The “grapes” used in the fifth line, again, give the implication of abundance. Also, when grapes are put into picture, people usually imagine a classic Greek image, to which the grapes are fed to those in power, again highlighting the use of images of worth. Finally, it may also again demonstrate the idea that it is expensive and extravagant because grapes can be made into wine. There are also a handful of religious connotations in this octet. First, “doves”, aside from being a symbol of peace, is also the symbol of the Holy Spirit.

Second, while “fleur-de-lys” is a representation of royalty and wealth, since it has three petals, it may also denote that it represents the Holy Trinity – God the Father, God the Son and God the Holy Spirit. Lastly, the color “purple” is the color used in Advent. Because Advent is the start of the Catholic calendar, it may bring about how the idea that this love is again, a new chapter in her life. And, like the first octet, the rhyming convention of “dyes” and “eyes” are set up by Rossetti facilitates the smooth development of images from one couplet to the next until a unified picture is produced in the readers’ minds.

Rossetti ends her poem by writing that “Because the birthday of my life // Is come, my love is come to me. ” The use of “birthday of my life” suggests that it is the most awaited event of her life, like a child waiting for his birthday. The last line is an echo from the first octet which shows the love’s significance and impact on her life. The emphasis of the “coming” of her love by the repetition of the words “is come” shows her excitement for her love. Lastly, the alliteration of “life” and “love” and the enjambment in this couplet adds to a satisfying ending to the poem.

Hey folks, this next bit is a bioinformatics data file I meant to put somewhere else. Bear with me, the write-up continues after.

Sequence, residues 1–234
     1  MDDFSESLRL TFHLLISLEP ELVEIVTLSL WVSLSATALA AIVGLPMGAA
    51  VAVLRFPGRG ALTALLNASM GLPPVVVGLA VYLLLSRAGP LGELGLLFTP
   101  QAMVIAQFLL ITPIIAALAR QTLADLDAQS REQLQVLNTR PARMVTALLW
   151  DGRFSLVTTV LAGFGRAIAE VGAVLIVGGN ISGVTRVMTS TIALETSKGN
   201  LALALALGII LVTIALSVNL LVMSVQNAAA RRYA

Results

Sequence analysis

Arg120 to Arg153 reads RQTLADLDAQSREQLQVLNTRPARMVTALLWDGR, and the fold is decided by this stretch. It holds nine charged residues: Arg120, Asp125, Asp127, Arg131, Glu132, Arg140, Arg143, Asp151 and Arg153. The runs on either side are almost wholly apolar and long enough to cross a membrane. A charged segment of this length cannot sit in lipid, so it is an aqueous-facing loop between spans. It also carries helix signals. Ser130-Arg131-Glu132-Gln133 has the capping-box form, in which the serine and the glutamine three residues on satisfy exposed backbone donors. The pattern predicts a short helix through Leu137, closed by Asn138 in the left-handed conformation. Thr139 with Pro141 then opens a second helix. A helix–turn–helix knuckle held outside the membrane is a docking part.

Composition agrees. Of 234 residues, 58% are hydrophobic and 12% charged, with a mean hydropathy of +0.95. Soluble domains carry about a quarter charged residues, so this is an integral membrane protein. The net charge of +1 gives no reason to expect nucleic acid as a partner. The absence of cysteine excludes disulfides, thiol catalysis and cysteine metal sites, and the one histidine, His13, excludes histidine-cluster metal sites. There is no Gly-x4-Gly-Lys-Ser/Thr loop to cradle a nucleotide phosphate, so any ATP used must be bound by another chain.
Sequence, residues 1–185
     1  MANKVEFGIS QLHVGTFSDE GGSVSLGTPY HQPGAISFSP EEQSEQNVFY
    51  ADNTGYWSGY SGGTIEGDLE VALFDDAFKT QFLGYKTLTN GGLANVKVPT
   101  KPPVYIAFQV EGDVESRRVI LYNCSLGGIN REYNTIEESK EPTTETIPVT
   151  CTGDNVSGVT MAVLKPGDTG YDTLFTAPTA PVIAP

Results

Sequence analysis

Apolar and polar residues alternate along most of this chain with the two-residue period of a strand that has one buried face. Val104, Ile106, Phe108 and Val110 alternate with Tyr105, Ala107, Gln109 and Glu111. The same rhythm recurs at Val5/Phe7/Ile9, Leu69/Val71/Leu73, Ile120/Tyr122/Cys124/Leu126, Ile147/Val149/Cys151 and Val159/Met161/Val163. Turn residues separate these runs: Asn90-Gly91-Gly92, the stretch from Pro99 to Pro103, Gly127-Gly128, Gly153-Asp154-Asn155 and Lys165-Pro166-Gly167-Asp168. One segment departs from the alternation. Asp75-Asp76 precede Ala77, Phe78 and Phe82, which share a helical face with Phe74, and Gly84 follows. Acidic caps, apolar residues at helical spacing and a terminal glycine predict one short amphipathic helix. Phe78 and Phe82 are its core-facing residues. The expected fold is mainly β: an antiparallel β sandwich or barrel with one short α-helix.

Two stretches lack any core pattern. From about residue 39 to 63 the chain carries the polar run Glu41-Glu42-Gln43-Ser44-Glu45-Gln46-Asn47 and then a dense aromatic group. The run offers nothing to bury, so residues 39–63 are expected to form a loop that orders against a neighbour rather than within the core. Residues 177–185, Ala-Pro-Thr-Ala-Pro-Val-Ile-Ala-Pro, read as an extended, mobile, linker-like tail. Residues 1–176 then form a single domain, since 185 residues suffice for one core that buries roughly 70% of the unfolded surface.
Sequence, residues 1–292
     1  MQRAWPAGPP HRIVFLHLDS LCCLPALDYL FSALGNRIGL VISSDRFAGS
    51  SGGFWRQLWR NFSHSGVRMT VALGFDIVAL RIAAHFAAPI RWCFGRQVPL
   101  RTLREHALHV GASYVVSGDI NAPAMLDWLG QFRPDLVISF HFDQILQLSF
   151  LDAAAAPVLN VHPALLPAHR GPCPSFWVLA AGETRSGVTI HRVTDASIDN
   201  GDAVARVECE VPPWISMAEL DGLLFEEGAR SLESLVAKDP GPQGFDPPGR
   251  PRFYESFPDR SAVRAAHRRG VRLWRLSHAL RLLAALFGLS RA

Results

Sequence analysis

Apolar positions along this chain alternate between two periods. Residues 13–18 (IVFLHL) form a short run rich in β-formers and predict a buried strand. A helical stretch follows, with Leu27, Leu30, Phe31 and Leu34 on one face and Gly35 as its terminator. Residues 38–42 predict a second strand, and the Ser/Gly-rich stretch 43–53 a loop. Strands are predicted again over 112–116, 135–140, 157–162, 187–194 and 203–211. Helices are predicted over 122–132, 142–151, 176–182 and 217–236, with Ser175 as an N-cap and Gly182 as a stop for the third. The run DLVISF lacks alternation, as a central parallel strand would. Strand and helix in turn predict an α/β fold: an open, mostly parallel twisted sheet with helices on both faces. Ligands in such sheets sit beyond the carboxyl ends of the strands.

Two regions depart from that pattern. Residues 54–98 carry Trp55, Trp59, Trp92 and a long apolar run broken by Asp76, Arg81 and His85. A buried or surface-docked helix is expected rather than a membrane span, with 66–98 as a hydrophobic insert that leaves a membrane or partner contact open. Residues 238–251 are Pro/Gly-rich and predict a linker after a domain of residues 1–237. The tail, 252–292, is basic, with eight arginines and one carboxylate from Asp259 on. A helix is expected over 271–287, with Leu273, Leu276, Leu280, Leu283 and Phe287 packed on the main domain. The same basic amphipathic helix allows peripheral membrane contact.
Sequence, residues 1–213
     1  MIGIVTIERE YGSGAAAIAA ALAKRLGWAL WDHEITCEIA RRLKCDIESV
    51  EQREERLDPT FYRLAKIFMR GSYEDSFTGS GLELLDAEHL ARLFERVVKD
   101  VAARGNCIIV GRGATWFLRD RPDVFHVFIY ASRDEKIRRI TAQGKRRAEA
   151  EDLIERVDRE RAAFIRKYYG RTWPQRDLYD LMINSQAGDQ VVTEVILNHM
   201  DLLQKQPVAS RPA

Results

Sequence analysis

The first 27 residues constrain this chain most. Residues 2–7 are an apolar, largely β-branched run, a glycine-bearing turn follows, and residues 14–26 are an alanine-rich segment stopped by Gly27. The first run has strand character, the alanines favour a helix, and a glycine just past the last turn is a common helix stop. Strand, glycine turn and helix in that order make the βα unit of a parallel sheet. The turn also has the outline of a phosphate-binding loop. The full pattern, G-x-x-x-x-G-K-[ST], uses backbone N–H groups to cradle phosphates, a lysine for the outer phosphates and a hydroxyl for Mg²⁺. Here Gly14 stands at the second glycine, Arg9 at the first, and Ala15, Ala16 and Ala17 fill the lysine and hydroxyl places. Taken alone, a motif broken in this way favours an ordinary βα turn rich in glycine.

The poem shows that religion is an important part of Christina Rossetti’s life and that the day she discovered her love for religion was like her birthday, a rebirth for her. Associating this to the title, the birthday she writes about is a symbol of the effect of her love for religion to her and not literally her birthday. To finally have a reason to live and celebrate a life full of love is a feeling worth sharing – through poem, through imagery, through a happy and well-lived life.

In my opinion, this poem was very captivating and interesting because of the comparisons used and the imagery applied in both octets. It certainly creates a vivid scene of a platform, full of images of wealth and nature. However, what I found particularly effective was the anaphora used in the first stanza. The readers are able to visualize the relationship of her love and the images she likened them to. Also, it allows the reader to understand the different facets to her love and the complexity of it. Hence, ‘A Birthday’ is, without doubt, a poem that I love and would recommend to others.

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A Birthday; Christina Rosetti – Analysis. (2017, Feb 04). Retrieved from